• Aid for forecasting accuracy and capacity planning

• Decreased CPU cycles to increase overall capability

• A choice between dynamic or static execution at deployment time

Why IBM?

IBM DB2 for z/OS teams have a long history, experience, and technical expertise in working with physical and virtual DB2 for z/OS deployments, including transitions to public, private, or hybrid cloud environments. IBM is committed to supporting the entire spectrum of DB2 for z/OS deployments and transitions, and IBM's cloud-focused strategies are custom-implemented for organizations that are looking to make that transition.

For More Information

For more information about using IBM DB2 for z/OS in the cloud, see the following websites:

• IBM DB2 for z/OS:

• IBM z/OS Management Facility:

• IBM cloud computing: -computing/us/en


Could Your Analytics Strategy Cost Your Business $100M? Learn How New Technologies Can Help Protect Your Analytics, Data, and Your Bottom Line

by Shantan Kethireddy


Your Data Is Not Safe

Technology trends and forces, including cloud, mobile and big data, can create large opportunities for your enterprise to exploit analytic insights. But the same things that enable these opportunities can skyrocket your risks if proper data security and governance controls are not in place.

As an example, in 2015 one of the largest health benefits companies in the United States reported that its systems were the target of a massive data breach. This breach exposed millions of records containing sensitive consumer information such as social security numbers, medical IDs and income information.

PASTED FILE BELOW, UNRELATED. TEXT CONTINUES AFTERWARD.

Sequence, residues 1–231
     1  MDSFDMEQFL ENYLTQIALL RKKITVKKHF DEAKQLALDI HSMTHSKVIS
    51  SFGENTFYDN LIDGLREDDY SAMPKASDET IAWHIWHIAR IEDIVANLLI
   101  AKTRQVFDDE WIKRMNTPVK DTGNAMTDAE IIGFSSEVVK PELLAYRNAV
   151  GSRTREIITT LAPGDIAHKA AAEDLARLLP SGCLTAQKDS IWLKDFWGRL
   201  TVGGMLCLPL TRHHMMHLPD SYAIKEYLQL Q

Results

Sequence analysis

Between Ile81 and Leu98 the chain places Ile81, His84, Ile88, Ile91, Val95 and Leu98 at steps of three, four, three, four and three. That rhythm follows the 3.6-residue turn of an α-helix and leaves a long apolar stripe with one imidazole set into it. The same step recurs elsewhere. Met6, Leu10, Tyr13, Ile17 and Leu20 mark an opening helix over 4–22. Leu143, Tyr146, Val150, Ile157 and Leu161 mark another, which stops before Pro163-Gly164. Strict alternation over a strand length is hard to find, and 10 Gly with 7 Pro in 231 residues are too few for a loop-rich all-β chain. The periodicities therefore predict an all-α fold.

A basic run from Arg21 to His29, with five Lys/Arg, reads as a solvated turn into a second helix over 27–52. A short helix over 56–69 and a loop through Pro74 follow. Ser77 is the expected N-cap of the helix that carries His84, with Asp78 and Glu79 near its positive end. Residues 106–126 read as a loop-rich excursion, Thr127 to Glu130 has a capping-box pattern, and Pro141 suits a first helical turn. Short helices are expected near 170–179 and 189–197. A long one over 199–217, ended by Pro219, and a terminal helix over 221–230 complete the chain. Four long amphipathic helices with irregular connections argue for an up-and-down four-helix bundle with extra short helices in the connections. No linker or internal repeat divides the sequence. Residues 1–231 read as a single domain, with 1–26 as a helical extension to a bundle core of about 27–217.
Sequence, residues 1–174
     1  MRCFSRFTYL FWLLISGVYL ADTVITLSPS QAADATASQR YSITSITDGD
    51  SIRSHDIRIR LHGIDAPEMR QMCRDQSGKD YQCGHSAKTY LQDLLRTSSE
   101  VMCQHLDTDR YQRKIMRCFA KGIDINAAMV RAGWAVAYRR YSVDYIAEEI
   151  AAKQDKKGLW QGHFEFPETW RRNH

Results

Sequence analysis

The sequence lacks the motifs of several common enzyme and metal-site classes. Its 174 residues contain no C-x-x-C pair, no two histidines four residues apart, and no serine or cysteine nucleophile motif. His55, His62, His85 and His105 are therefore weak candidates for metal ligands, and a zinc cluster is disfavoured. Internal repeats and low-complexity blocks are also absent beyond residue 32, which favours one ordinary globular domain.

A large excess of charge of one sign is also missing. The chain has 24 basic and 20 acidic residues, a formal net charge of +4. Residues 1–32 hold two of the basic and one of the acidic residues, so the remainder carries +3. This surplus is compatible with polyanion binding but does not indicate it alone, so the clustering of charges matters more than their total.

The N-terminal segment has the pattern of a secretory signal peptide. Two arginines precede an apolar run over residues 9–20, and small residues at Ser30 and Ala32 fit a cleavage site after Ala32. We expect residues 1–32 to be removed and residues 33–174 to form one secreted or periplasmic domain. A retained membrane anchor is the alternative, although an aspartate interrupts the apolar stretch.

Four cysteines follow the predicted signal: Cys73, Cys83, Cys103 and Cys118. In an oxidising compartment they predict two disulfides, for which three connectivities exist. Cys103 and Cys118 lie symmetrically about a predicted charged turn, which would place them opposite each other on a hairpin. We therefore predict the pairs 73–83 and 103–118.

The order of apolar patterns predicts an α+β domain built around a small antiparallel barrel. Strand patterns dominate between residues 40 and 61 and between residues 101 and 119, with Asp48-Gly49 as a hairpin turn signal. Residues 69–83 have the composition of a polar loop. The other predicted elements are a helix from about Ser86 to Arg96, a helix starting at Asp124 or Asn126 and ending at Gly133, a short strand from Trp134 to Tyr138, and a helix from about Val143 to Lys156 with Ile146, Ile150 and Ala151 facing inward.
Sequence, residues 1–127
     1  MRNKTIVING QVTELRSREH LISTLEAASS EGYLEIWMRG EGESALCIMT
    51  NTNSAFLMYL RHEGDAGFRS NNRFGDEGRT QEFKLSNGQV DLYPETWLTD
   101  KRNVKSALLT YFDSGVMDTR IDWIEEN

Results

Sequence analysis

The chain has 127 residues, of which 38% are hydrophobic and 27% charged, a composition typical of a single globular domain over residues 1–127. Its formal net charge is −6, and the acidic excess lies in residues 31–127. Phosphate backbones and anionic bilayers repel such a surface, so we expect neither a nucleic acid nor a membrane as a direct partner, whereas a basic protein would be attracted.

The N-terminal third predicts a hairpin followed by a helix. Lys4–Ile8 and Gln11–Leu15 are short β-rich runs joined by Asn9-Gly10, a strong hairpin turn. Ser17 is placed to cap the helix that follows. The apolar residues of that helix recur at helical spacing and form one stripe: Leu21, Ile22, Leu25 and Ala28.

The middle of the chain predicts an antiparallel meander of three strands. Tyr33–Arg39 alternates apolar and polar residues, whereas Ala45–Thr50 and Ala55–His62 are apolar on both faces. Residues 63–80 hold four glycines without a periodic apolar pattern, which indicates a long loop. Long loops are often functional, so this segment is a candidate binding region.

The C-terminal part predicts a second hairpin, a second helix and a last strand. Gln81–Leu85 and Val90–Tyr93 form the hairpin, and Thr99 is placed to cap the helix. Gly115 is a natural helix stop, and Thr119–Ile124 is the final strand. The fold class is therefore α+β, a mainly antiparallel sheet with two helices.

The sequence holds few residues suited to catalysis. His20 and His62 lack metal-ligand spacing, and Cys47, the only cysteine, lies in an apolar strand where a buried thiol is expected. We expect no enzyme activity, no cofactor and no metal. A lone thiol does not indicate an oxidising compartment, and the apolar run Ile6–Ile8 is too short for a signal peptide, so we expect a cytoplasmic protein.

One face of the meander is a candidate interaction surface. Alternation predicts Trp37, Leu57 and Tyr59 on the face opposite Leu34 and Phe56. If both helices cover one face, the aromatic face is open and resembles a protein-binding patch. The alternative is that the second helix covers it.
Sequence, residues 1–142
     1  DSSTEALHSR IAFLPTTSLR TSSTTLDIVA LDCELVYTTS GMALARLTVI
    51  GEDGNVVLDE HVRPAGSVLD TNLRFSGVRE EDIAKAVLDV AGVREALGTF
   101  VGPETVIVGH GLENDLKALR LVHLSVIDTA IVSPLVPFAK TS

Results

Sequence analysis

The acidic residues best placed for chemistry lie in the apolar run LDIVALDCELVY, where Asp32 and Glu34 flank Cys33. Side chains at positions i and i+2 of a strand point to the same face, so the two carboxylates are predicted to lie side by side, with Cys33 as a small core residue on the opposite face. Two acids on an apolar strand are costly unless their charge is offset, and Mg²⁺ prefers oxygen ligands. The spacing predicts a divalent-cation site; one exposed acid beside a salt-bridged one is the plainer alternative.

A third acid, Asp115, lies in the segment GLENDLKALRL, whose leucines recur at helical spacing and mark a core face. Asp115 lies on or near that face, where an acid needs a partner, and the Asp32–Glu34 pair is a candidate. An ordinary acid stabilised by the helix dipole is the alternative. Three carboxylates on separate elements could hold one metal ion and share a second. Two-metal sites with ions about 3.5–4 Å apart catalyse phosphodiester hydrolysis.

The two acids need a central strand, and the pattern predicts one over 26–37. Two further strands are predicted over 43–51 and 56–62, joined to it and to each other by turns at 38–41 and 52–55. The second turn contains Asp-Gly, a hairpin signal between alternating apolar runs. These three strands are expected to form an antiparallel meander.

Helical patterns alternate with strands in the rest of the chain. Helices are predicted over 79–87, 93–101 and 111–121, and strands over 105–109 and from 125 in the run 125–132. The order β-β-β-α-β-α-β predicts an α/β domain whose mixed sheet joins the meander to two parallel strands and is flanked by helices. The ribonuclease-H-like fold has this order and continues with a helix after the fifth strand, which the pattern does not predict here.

Various sources, including The Insurance Insider, suggest that this company's USD 100 million cyber -insurance policy would be depleted by the costs of notifying consumers of the breach and providing credit -monitoring services. And that policy payout doesn't consider other significant costs associated with a breach such as lost business, regulatory fines and lawsuits.

Cyber criminals now know the same thing every industry analyst knows — data is so important it has a value on the balance sheet. For that reason, every single industry has been attacked by hackers and experienced data breaches, including healthcare, government, banking, insurance, retail and telecommunications. Furthermore, once one company has been breached, hackers focus on other companies in that same industry hoping to exploit similar vulnerabilities.

So while this incident is one of the higher-cost examples, with a worldwide average data breach cost of USD 3.79 million, coupled with the long-term brand damage, loss of faith and customer churn, consider this question: how exposed is your business to a similar type of breach? To answer this question, you must first ask, "Where does the data that feeds our analytics processes originate?"